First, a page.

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  1. #1
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    Braking Issues, bothering me very much, help please

    i just got a new pair of the stroker trails, 8", about 2 weeks ago. they are all burnished in by now, and when i slam on braking power, or lock the pads on, the tires hop and and stop really choppy on any terrain, dirt, forest floor, rock, and asphalt. its almost as they bounce, and do not have a clean skid, by just sliding. I can tell it is not good for my bike, as everything rattles and vibrates horrendously... anyway, it would be great if i could have some insight. Bob

  2. #2
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    Two suggestions

    -Bring your bike into a mechanic and watch him work on your brakes and you'll learn how to set them up properly. (And, you'll be a lot safer when your riding!)

    -Quit 'skidding' your rear tire. Use your front brake to control your speed and don't lock out and skid your rear tire. Your front brake has about 75% of your braking power, because your weight is behind your front wheel vs. your rear brake where your weight is in front of the rear wheel.

    Your rear brake is use to control your bike during slow speed technical maneuvers, and also to 'rest your front brakes during long descents and prevent over heating.

    Cheers,

    Kane

  3. #3
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    The rear brake also helps "tighten" a turn if you are going a little too fast.
    Not that all teenagers are evil mind, just most of them.

  4. #4
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    The problem may not be....

    your brakes. Using knobby tires? If so when you put large amounts of braking foce on the tire you are forcing the knobs to bite in hard. The knobs flex under this force, if you exceed their ability to maintain grip they basically skip or loose traction. Once this happens the knobs spring back to their normal shape and cause the tire to hop a little. Once the tire recontacts the trail it bites in hard again and the cycle repeats it self creating a shudder and vibration. This can happen on a hardtail, ridged or full suspension bike, but is usually most noticeable and common on an FS bike. It's also more common with deeply lugged tires and/or tires that use softer rubber compounds for the tread blocks. Also running tubless setups at low pressures can contribute to the effect as well.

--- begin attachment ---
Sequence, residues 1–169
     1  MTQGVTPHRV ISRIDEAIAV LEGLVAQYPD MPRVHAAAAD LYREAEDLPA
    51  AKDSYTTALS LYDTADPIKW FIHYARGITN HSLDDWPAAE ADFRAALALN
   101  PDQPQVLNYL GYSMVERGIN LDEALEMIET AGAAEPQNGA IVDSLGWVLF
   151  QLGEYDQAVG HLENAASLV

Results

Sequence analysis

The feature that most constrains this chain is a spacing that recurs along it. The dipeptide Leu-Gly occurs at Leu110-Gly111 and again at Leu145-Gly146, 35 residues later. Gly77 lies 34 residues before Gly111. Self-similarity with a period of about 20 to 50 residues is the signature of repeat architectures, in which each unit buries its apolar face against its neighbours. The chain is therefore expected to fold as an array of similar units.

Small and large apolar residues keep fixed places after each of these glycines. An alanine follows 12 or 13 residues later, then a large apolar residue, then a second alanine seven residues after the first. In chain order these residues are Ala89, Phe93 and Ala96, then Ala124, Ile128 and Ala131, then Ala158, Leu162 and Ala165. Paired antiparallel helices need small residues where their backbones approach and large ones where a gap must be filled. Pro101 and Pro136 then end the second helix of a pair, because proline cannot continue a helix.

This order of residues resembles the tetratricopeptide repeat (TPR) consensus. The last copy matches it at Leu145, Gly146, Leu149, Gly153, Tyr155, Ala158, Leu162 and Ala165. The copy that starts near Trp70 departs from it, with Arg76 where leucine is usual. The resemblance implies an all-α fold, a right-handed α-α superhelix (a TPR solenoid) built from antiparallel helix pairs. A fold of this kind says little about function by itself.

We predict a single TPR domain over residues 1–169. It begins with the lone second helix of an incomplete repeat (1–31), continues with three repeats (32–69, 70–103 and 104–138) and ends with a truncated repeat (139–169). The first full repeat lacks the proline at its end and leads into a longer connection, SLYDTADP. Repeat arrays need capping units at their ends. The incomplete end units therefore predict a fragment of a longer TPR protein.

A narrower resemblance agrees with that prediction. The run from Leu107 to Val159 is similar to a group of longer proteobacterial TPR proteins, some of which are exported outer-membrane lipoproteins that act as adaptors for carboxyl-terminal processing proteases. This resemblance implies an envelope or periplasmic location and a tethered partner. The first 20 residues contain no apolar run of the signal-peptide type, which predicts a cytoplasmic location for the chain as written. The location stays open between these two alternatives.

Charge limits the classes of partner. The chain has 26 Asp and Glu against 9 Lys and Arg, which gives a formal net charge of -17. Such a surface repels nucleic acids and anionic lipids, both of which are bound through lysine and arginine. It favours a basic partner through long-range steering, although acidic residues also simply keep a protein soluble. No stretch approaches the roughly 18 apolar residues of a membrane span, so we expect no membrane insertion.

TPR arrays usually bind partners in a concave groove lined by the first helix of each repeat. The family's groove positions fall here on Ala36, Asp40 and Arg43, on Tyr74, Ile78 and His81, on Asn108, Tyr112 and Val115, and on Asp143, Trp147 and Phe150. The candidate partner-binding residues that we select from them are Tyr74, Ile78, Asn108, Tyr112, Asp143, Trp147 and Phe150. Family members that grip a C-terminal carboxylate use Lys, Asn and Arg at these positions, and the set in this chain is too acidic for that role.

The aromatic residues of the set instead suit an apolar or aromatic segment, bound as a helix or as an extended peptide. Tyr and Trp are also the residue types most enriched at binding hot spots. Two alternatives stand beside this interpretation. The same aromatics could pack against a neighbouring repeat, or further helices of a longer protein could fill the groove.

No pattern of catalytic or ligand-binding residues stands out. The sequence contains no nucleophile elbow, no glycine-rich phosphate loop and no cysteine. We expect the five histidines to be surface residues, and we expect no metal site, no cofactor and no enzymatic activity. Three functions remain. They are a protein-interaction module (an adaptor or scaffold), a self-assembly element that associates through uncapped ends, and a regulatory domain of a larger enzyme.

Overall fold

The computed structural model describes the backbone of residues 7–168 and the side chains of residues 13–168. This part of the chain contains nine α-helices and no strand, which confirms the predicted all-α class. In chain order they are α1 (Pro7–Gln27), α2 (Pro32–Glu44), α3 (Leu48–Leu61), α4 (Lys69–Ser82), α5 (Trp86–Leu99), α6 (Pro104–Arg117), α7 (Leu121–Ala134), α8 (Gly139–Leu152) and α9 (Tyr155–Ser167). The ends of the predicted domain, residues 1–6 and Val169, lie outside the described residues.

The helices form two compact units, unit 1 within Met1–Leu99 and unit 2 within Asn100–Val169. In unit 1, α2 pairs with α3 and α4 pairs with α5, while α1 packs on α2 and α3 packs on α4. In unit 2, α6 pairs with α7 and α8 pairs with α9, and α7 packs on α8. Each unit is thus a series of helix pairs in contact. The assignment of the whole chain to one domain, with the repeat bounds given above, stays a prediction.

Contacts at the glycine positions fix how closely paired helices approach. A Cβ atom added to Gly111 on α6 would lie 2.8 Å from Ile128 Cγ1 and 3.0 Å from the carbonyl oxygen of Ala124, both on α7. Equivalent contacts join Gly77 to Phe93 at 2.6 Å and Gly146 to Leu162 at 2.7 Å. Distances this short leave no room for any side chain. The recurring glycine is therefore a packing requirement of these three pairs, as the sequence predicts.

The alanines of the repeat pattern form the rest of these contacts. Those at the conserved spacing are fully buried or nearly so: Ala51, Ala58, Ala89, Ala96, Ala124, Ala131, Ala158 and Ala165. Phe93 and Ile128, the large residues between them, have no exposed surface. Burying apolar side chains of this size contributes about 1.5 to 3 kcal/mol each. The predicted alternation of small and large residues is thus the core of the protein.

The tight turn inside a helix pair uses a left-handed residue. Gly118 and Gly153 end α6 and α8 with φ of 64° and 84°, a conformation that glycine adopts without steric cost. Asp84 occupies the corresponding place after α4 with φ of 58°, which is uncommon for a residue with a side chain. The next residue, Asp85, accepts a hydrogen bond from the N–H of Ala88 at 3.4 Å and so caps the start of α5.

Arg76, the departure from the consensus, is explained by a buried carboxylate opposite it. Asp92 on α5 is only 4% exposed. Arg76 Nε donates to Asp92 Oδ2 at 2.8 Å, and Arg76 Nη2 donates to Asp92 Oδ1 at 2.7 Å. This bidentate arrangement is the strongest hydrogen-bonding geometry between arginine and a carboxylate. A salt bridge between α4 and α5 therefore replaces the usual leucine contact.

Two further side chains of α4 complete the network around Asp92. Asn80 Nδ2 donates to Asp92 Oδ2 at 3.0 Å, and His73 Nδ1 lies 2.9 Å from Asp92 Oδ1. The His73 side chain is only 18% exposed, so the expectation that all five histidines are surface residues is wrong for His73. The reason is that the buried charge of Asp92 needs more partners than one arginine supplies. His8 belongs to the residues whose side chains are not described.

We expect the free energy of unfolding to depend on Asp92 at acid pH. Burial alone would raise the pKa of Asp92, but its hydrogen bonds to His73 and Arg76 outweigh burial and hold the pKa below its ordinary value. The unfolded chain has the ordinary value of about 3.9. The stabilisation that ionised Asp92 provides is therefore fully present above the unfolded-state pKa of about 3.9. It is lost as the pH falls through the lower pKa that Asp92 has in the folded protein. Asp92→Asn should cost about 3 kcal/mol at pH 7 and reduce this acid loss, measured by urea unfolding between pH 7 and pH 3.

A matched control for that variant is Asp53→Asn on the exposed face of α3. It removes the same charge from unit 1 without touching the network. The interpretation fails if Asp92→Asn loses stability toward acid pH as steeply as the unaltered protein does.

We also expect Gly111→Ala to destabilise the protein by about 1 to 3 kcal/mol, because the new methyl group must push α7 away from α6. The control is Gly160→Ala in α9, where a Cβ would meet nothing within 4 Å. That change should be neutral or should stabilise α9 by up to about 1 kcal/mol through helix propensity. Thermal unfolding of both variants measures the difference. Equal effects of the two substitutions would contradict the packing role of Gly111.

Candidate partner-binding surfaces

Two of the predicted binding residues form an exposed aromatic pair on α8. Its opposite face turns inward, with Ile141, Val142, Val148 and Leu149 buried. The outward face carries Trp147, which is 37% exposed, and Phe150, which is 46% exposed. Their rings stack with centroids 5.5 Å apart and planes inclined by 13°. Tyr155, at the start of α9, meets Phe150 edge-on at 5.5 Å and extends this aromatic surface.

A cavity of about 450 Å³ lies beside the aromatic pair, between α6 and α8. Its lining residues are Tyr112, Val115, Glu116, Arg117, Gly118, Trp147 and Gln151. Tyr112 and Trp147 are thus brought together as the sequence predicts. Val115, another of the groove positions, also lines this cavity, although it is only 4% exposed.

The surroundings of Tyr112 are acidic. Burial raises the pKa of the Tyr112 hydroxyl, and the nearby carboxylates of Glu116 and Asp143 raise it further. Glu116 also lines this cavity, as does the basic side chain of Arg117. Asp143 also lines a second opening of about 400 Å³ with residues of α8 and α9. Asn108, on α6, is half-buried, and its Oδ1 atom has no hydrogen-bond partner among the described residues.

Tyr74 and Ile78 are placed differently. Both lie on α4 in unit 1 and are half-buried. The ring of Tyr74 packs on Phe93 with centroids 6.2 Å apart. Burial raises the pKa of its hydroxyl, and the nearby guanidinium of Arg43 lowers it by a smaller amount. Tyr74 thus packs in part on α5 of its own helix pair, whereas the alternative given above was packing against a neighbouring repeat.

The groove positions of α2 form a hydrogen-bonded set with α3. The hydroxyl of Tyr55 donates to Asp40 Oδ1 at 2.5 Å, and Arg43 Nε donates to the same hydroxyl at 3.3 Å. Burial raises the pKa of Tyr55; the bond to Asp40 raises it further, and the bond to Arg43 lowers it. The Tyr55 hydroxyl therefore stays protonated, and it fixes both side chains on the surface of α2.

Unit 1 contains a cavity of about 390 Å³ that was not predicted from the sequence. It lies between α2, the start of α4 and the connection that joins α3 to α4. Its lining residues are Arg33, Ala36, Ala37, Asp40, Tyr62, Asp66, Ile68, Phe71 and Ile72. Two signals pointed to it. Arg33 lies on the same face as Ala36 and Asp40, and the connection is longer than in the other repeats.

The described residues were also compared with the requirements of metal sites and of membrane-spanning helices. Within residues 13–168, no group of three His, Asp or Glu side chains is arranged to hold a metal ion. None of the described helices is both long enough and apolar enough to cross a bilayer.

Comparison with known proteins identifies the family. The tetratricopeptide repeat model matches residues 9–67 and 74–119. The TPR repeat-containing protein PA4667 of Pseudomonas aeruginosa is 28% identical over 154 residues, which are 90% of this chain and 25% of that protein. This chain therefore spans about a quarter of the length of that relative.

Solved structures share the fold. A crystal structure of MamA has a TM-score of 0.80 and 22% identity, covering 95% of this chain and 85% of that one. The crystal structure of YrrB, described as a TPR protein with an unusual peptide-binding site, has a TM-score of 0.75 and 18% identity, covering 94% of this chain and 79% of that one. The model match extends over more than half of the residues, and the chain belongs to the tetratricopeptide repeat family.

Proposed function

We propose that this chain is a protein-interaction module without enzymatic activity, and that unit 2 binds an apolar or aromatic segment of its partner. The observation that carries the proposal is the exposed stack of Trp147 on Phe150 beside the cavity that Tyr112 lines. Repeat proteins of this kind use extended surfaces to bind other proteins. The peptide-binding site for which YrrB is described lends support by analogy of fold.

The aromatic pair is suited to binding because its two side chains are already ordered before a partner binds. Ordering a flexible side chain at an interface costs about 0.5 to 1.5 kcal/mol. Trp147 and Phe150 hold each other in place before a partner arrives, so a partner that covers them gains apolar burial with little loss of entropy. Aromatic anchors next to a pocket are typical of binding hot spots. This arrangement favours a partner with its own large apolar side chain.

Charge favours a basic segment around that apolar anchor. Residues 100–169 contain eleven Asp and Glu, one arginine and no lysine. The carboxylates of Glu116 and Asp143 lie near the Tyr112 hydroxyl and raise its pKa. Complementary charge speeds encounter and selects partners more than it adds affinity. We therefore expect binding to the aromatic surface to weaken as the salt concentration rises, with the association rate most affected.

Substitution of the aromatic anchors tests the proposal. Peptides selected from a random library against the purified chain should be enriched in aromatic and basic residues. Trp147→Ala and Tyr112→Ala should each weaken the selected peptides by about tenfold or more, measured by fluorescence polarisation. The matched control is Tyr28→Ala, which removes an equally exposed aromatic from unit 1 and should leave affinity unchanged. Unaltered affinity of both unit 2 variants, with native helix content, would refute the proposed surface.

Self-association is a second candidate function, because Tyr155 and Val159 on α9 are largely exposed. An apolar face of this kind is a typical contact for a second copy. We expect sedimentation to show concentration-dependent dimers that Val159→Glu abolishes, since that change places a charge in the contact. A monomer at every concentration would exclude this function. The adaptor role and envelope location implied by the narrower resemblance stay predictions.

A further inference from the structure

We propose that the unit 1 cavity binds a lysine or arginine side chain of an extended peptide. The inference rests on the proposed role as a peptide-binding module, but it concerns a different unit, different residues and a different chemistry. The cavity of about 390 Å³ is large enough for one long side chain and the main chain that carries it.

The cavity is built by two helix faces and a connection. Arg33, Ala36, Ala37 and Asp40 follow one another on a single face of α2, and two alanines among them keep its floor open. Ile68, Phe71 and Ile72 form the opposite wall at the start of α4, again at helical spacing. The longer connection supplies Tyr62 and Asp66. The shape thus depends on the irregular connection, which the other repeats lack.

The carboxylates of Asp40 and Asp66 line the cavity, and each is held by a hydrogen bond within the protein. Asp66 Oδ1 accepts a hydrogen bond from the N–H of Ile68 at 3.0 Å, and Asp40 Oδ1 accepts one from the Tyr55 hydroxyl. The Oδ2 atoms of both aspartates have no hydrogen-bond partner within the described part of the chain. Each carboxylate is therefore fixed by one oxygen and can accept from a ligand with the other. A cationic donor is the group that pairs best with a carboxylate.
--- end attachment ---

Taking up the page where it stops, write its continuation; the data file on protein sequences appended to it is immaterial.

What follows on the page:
The clue to this one is it only happens when you apply the brakes hard trying to lock up the wheel. You don't mention it happening at any other time. So it's likely not the brakes at all, but your tires and braking method. You shouldn't be locking up and skidding on the trail in the first place, and there really is no reason to lock up on pavement. You best braking performance comes just before lock up before the tire skids. Once you induce a skid the tire brakes traction with the surface and you actually start moving faster. The solution, don't try to lock em up! It's hard on the trail, hard on the tires, and as you've noted can be hard on other components as well.

    Good Dirt
    "I do whatever my Rice Cripsies tell me to!"

  5. #5
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    yo, squash, thats exactly what i was looking for. this brings me to another question, why didnt it happen with my el camino brakes just before (on the same bike/ tire set up), i do know that what you stated is completely true about the way the tire skips and shudders. Also, could it be solved by finding a better tire?

    thanks a bunch, Bob

  6. #6
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    Hmmm....

    possibly the stokers are just that much more powerfull than the camino's, hard to say for sure. I'm certain that the strokers are a more powerful brake. Also they should modulate quite differently than the caminos did.